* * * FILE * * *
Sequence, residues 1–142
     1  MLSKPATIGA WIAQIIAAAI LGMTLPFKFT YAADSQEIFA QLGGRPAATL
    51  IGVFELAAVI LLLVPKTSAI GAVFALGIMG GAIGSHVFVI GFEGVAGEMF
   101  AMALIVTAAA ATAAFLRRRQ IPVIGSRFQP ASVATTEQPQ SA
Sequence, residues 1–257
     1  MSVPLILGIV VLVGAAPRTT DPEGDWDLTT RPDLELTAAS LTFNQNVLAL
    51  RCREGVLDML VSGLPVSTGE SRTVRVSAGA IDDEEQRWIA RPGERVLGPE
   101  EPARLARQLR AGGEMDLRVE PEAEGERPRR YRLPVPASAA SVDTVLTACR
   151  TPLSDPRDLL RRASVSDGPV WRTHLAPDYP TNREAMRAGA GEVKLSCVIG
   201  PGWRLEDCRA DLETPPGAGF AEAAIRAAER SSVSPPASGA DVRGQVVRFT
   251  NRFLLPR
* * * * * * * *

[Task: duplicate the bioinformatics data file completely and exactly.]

Sequence, residues 1–142
     1  MLSKPATIGA WIAQIIAAAI LGMTLPFKFT YAADSQEIFA QLGGRPAATL
    51  IGVFELAAVI LLLVPKTSAI GAVFALGIMG GAIGSHVFVI GFEGVAGEMF
   101  AMALIVTAAA ATAAFLRRRQ IPVIGSRFQP ASVATTEQPQ SA
Sequence, residues 1–257
     1  MSVPLILGIV VLVGAAPRTT DPEGDWDLTT RPDLELTAAS LTFNQNVLAL
    51  RCREGVLDML VSGLPVSTGE SRTVRVSAGA IDDEEQRWIA RPGERVLGPE
   101  EPARLARQLR AGGEMDLRVE PEAEGERPRR YRLPVPASAA SVDTVLTACR
   151  TPLSDPRDLL RRASVSDGPV WRTHLAPDYP TNREAMRAGA GEVKLSCVIG
   201  PGWRLEDCRA DLETPPGAGF AEAAIRAAER SSVSPPASGA DVRGQVVRFT
   251  NRFLLPR